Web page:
The Reading Habits
Are you a re-reader? Why, or why not? And if you are, what are some of the books you have read over and over?
There are only two books (besides the Bible) that I’ve read more than once. My TBR pile is so high that I can’t bear to go back and re-read. But the two books I have read twice are Catherine Marshall’s Christy, and LaVyrle Spencer’s Then Came Heaven. The latter, I read the last page and was so sad to leave the characters behind that I immediately turned back to the first page and started re-reading it!
When is your optimal time to read – do you prefer to read in one long block, or do you also read for five minutes here or there when you can?
I read in bed at night before sleep. Which can be dangerous if it’s a really good book. Usually after I meet a deadline, I treat myself to a whole day of reading. And I love flying because it’s a built-in excuse to read for hours on end!
I’d love your thoughts on novellas. Are you thumbs up or down? Or does it depend?!
I love writing them, and am working on one now. But if I’m reading, I usually much prefer a longer novel that won’t have me saying goodbye to beloved characters quite so soon!
Are you faithful to a genre, an author, or simply quality writing?
Some of each. I usually read women’s fiction (but always like a thread of romance), I do have several favorite authors (Catherine West, Susan Meissner, Cynthia Ruchti, Ann Tatlock, and Tamera Alexander.)
Deb’s TBR stack…s!
Which factors most influence your selection of a book?
I’m always attracted to stunning covers. I appreciate literary writing that doesn’t take itself too seriously. And I like reading authors who’ve proven themselves to me before.
Your fiction pet peeve?
I really hate books where the hero and heroine appear to hate each other through the entire book and then fall into each other’s arms in the end!
What book have you read this year that you could not put down, and why?
I really enjoyed Catherine West’s The Things We Knew because of the intricate family relationships and the wonderful setting on Nantucket.
How do you mark your spot – folded page corner, bookmark, dollar bill, whatever is at hand?
Bookmark, and I have a large collection of them!
What are some of your favourite CF reads from around 10 years ago, or further back?
Snack/drink of choice while reading?
What book cover has really caught your eye?
I must say, the new cover my husband designed for my re-release of A Nest of Sparrows is one of my favorite covers of all time.
Which author makes it easy to turn off your internal editor?
Angela Hunt. Whenever I read her writing, I totally forget about craft, because she makes it all so seamless and smooth.
What book do you wish you had written? Why?
Paper Hearts by Courtney Walsh. Such a sweet idea that stuck with me, the cover was amazing and the video Courtney and her husband made as a trailer was darling!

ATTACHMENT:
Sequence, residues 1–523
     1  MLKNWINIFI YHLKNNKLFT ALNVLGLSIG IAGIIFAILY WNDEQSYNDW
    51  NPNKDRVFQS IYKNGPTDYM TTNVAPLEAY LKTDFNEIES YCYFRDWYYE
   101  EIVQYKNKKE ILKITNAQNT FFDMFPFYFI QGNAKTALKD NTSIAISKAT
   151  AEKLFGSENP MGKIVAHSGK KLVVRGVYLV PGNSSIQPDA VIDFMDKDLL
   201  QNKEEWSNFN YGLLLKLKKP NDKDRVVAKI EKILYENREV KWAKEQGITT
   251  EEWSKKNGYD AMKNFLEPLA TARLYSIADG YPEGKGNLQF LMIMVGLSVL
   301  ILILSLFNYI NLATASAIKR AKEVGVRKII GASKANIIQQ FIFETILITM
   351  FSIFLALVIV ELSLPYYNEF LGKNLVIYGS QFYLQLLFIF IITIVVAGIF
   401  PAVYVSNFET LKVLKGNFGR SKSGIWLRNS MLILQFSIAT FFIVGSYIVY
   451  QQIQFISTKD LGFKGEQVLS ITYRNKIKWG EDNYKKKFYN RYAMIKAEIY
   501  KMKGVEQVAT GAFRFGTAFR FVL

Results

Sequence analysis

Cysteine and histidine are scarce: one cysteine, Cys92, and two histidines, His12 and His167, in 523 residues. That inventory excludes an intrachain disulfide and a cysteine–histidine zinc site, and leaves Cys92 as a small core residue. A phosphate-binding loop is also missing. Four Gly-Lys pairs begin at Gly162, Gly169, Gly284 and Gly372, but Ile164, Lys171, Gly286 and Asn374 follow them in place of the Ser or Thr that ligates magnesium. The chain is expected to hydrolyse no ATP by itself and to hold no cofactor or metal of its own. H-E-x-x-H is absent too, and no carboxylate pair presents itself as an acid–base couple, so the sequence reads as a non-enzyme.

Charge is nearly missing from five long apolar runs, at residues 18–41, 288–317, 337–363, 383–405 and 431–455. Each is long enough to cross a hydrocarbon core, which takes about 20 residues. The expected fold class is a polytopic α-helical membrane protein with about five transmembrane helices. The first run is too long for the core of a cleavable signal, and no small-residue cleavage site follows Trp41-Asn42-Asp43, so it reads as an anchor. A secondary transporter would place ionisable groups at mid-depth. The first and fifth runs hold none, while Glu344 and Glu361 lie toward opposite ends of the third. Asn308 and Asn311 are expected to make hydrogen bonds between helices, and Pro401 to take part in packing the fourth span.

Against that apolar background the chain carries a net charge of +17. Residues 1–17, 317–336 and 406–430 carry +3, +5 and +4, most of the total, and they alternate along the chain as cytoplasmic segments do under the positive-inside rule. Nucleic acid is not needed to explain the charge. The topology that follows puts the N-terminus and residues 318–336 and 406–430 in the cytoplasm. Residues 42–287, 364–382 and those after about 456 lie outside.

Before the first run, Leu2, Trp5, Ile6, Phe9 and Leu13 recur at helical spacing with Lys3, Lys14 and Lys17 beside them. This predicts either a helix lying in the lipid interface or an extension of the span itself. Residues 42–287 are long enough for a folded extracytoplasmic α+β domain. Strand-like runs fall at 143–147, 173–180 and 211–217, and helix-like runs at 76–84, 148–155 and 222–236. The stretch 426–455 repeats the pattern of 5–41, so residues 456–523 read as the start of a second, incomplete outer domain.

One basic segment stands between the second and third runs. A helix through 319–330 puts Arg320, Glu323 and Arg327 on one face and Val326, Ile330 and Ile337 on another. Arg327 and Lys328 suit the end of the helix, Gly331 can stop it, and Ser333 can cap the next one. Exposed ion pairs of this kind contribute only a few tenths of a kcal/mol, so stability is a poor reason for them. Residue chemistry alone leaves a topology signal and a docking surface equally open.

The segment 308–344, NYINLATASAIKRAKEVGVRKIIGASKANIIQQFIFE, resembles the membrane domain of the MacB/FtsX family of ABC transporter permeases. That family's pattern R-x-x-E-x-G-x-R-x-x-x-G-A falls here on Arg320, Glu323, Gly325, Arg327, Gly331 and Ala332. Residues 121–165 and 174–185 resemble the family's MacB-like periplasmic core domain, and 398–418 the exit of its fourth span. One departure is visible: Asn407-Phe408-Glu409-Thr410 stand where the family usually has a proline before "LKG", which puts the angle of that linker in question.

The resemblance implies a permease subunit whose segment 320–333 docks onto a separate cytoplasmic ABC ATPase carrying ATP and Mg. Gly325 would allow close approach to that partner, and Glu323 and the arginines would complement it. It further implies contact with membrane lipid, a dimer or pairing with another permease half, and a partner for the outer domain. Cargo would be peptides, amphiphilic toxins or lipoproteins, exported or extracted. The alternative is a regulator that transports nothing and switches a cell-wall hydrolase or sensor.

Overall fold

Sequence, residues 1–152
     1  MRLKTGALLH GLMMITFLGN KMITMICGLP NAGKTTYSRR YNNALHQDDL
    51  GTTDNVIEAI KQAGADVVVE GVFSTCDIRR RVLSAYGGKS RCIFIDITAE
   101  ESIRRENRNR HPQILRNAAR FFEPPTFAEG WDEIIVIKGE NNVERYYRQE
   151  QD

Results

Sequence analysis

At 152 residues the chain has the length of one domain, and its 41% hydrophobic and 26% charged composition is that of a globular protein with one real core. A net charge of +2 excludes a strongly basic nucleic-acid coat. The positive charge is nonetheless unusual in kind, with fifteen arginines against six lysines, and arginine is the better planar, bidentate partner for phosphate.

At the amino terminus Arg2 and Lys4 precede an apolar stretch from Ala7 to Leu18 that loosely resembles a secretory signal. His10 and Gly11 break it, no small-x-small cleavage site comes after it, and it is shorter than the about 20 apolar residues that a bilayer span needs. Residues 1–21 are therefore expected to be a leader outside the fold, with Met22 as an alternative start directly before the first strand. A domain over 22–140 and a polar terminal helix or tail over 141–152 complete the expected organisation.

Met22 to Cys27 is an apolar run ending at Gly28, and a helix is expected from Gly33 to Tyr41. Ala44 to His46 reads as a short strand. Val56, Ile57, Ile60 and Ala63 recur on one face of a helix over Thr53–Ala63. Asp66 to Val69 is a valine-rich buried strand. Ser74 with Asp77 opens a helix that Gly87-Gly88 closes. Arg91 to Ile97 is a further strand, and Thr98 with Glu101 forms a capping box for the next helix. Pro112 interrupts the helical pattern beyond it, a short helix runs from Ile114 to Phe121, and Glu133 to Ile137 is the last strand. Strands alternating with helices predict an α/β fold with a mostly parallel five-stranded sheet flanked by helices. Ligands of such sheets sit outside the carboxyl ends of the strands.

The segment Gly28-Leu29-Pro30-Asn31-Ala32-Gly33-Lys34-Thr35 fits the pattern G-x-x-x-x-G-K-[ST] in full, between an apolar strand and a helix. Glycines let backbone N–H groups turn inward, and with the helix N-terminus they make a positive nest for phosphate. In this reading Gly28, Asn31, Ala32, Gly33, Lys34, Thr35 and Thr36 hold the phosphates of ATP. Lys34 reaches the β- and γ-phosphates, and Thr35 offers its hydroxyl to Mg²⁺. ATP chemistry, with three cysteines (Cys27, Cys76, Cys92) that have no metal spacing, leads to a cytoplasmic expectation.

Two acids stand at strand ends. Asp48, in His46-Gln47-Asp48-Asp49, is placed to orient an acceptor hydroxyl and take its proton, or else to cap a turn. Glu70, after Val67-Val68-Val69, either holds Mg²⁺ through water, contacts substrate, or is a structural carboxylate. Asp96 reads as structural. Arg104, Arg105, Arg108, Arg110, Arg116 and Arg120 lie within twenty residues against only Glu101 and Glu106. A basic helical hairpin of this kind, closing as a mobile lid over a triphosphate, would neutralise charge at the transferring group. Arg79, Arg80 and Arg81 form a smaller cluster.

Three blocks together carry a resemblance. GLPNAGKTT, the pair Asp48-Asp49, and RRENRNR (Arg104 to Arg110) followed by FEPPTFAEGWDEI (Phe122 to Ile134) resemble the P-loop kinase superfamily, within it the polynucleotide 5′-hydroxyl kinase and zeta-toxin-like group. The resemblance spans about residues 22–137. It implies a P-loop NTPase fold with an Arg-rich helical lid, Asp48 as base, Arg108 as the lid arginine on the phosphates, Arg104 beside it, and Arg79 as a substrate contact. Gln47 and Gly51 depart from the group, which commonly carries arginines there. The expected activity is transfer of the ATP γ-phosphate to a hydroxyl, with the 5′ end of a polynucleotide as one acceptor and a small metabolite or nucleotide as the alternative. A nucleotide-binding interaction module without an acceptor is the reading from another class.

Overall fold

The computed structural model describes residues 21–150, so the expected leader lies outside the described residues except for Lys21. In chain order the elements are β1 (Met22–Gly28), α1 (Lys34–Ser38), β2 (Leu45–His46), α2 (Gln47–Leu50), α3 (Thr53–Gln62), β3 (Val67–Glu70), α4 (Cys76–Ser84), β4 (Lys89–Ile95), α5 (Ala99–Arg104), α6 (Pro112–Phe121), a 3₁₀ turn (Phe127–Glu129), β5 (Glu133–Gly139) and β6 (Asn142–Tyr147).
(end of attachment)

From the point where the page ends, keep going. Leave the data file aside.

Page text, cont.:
DEBORAH RANEY’s first novel, A Vow to Cherish, inspired the World Wide Pictures film of the same title and launched her writing career after twenty happy years as a stay-at-home mom. She has since written over 30 books, including novels for Random House, Simon & Schuster, HarperCollins, and Harlequin. Deb is on the board of the 2600-member American Christian Fiction Writers, and teaches at writers conferences around the country. Deb and husband, Ken Raney, traded small-town life in Kansas––the setting of many of Deb’s novels––for life in the friendly city of Wichita. They love traveling to visit four children and a growing brood of grandchildren who all live much too far away. Visit Deb on the Web at www.deborahraney.com.
Don’t miss Deb’s newest release…
Why did their differences matter so much?
Link Whitman has settled into the role of bachelor without ever intending to. Now he’s stuck in a dead-end job and, as the next Whitman wedding fast approaches, he is the last one standing. The pressure from his sisters’ efforts to play matchmaker is getting hard to bear as Link pulls extra shifts at work, and helps his parents at the Chicory Inn.
All her life, Shayla Michaels has felt as if she straddled two worlds. Her mother’s white family labeled her African American father with names Shayla didn’t repeat in polite–well, in any company. Her father’s family disapproved as well, though they eventually embraced Shayla as their own. After the death of her mother, and her brother Jerry’s incarceration, life has left Shayla’s father bitter, her niece, Portia, an orphan, and Shayla responsible for them all. She knows God loves them all, but why couldn’t people accept each other for what was on the inside? For their hearts?
Everything changes one icy morning when a child runs into the street and Link nearly hits her with his pickup. Soon he is falling in love with the little girl’s aunt, Shayla, the beautiful woman who runs Coffee’s On, the bakery in Langhorne. Can Shayla and Link overcome society’s view of their differences and find true love? Is there hope of changing the sometimes-ugly world around them into something better for them all?